Text Box: Gogona ( Bamboo Harp)

Class : Idiophones (plucked)


              There are two methods of playing Gogona, however sound produced is same in both. The First and most popular method is to hold the Gogona near open mouth ( not necessarily holding it between the teeth) of the player and pluck end of it, making the Jeebha to vibrate. A slim portion of the Body works as a spring, to effect vibration in the reed or Jeebha. In the other and more traditional method, a Muga ( An Asssamese Silk) string is attached to the plucking end of Gogona , and the string is pulled and plucked, not directly the body. In both methods the key point is changing the volume of air in mouth and produce different notes. The Dhol imitates the sound of thunder of the clound, Xutuli , the singing of birds, Pepa, the sound of breez, similarly Gogona imitates the sound of Frogs . Some artists are seen producing the sound of animals and birds to entertain the audience. The basic difference of Gogona with Jaw Harp is that, the body of the Gogona is plucked, not the reed, as in the Harp.

                 Gogona is made of Bamboo, and  requires high level of workmanship. A piece of matured bamboo is chosen to make Gogona, There is a popular belief that , a stolen ‘Bo Tola Sunga’ ( A part of Assamese traditional Weaving system) , of a garrulous  weaver gives the best Gogona. Though it is difficult to establish this believe scientifically, but a seasoned piece of bamboo is more suitable than raw ones. A seven to eight inch of piece of bamboo is scraped an finished to desired shape and then a reed (As. Jeebha)  is cut out of it carefully. This reed is the principal sound producing component  of the Gogona. Two slim bamboo pieces are inserted on the side of the reed and called ‘ Mekhela’s. The tune of Gogona depends upon the size and of the Jeebha and the placement of two ‘Mekhlela’s. Though there are various types of Gogona, the method of construction is the same for all. One important fact about Gogona is that, though it’s a very small instrument, while playing it is kept near open mouth , and the air inside the mouth works as resonator for it, and overall volume of the instrument increases considerably.

             Apart from being extensively used in Bihu of Assam, almost all Mogoloid and Kirat tribes of  Assam use Gogona in the folk music. Now a days it is compulsory for a Bihuwati,( A female Bihu  perfomer)  to play Gogona in stage competitions.  Traditionally Gogona is played both Male & Female performers. One of he interesting fact about Gogona is that, because of its small size and  Shape, when they are not playing  Gogona, during a performance, it  is used by Bihuwatis as  hairpin.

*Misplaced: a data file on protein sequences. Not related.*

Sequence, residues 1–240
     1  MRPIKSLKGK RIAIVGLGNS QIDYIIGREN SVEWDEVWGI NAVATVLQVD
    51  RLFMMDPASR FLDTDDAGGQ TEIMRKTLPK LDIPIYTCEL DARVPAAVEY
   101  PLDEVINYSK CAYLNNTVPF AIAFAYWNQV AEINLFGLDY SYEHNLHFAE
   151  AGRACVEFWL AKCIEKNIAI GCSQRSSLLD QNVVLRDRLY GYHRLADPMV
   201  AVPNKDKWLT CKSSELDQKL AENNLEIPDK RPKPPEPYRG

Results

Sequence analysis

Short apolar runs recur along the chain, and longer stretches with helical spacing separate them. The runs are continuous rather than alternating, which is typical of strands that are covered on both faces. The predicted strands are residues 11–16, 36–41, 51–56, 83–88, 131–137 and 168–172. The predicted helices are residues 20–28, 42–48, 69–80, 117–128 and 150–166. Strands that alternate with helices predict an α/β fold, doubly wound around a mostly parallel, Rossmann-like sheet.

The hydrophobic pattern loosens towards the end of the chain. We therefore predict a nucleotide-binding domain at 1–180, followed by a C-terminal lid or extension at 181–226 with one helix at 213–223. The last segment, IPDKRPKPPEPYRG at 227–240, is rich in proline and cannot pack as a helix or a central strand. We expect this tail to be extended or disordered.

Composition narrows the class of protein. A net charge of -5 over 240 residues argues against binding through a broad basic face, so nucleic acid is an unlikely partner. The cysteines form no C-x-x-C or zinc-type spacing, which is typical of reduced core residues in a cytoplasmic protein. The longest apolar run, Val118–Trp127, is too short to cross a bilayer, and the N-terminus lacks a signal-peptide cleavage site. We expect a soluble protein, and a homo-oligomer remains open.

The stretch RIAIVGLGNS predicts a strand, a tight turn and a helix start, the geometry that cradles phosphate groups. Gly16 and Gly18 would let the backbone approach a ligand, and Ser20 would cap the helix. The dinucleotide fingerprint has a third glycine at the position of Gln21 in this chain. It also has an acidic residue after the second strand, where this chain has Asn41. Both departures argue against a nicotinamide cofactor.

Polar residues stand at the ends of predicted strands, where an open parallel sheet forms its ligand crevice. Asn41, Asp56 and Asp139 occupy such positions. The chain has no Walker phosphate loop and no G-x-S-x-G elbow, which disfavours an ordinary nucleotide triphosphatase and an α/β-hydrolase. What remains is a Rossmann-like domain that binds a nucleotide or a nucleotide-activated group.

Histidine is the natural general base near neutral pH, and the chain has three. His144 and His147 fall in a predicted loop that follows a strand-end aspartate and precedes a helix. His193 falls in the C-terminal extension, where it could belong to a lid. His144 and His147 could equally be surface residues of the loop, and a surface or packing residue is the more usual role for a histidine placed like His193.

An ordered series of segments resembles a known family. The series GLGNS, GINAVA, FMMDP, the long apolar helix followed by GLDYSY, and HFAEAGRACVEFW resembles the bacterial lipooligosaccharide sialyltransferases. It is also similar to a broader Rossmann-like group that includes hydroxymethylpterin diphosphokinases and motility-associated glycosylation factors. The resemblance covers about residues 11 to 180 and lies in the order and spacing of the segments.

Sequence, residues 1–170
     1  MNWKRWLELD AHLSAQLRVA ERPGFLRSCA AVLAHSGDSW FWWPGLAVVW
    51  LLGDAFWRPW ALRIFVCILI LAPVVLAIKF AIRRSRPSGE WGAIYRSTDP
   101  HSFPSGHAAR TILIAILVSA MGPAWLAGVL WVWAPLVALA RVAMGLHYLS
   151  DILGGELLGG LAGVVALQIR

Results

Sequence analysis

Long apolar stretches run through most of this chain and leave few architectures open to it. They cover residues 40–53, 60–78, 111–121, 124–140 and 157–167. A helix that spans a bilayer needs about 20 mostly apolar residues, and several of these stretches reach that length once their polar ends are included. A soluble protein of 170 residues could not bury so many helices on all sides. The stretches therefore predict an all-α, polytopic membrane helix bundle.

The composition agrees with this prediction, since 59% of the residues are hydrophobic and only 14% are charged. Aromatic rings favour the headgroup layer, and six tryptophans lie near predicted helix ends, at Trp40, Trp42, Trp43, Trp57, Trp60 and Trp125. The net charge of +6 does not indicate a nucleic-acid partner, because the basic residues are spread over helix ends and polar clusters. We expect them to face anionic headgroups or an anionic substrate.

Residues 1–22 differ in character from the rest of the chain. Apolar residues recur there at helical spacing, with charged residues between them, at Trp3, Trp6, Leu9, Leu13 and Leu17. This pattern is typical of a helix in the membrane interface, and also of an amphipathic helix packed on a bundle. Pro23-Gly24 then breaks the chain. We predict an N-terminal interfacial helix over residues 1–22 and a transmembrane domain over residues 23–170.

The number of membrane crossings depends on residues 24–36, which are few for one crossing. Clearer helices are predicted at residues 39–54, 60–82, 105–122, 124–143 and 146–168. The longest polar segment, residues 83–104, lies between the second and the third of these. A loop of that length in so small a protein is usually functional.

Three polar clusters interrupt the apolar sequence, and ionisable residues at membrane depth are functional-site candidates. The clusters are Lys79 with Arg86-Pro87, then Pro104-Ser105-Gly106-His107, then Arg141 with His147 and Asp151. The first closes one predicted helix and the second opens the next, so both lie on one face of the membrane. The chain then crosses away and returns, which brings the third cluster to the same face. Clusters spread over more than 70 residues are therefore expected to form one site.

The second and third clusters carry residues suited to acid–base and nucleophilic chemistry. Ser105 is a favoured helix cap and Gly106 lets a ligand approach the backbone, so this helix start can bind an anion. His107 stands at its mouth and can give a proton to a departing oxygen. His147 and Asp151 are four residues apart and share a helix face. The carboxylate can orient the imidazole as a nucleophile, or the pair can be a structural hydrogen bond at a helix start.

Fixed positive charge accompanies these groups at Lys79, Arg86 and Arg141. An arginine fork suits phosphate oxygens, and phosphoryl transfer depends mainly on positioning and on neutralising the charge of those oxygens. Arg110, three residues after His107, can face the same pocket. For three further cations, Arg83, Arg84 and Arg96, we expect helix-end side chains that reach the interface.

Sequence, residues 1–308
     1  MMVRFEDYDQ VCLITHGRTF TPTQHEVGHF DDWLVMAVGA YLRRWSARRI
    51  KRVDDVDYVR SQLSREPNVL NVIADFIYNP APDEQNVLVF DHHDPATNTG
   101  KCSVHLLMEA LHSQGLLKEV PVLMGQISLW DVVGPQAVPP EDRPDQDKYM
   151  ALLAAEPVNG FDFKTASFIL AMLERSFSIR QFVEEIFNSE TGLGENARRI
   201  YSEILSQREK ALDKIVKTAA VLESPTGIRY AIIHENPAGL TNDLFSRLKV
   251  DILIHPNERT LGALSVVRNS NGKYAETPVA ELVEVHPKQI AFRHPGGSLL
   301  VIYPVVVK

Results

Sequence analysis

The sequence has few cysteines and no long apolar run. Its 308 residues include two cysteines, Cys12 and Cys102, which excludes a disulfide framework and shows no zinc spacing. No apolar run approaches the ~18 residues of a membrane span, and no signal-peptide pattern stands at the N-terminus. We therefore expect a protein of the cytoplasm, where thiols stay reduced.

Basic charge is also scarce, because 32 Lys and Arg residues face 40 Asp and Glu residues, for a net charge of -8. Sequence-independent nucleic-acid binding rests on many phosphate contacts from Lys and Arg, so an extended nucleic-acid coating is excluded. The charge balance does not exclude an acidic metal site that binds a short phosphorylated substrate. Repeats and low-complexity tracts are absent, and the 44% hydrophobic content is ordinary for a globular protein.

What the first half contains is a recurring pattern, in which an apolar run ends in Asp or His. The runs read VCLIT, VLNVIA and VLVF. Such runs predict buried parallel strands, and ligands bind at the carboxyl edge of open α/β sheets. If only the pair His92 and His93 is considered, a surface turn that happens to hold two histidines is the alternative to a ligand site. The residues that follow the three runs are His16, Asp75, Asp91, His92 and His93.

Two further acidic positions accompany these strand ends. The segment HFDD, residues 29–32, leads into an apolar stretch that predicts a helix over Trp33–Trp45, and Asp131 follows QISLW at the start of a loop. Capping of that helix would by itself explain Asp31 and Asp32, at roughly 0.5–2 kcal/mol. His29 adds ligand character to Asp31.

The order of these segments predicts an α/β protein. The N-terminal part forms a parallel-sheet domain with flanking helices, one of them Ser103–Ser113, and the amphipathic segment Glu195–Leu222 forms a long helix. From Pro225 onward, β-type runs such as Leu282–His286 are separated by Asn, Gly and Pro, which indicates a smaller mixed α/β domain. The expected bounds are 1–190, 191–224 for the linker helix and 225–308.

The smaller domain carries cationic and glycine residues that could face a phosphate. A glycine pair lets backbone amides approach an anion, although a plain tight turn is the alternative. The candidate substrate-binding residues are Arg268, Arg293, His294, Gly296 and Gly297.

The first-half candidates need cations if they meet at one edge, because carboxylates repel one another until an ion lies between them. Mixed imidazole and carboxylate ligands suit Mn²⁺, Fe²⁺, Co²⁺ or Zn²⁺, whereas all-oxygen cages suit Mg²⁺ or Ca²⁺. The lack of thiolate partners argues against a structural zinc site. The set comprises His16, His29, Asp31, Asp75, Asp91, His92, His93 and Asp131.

Gogona is an instrument primarily used in Bihu of Assam, this is a type of  harp.    (Read more  http://en.wikipedia.org/wiki/Jew%27s_harp ) . Harps are ancients instrument, most of cultures in world found to have harps. Since Gogona is held in the mouth to play, I will be more appropriate to  call it a type of ‘ Jaw Harp’ . Gogona is a contribution of the Mongolian culture to Assam. In tribal languages in Assam,  Gogona is known by different names . According the size, Gogonas are named differently, such as Lihiri Gogona, Rmdhon Gogona, xaliki Gogona, etc, and the sound too significantly varies among them. Gogona in a fixed tunes instrument , so the sound is also of constant pitch. Gogona imitates the sound of a frog. Being a very melodious instrument, Gogona is very popular among the Bihu dancers. The Malitas of Dhol describe origin of Gogona and links it with Goddess Saraswati,

             . Most of the books on Assamese traditional Musical instruments categorized gogona under Aerophone, however,  while playing it,  the air is just used as a resonator, and the actual sound producing element of Gogona is the vibrating reed, therefore, it is kept under Idiophone here. Moreover, comparable instruments like Jaw Harp or Jews Harp are always classified as idiophones.

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1. Oxomor Badyajontro – Sri Dharmeswar Duwara- Bani Mandir

2. Bihure Birina Paat – Jaykanta Gandhiya/ Nomal Gogoi – Prithiviraj Media

 1. Dwijen Gogoi – Serekapar – Sibsagar

 2.   Ananda Gogoi- Nitai Puhuri – Sibsagar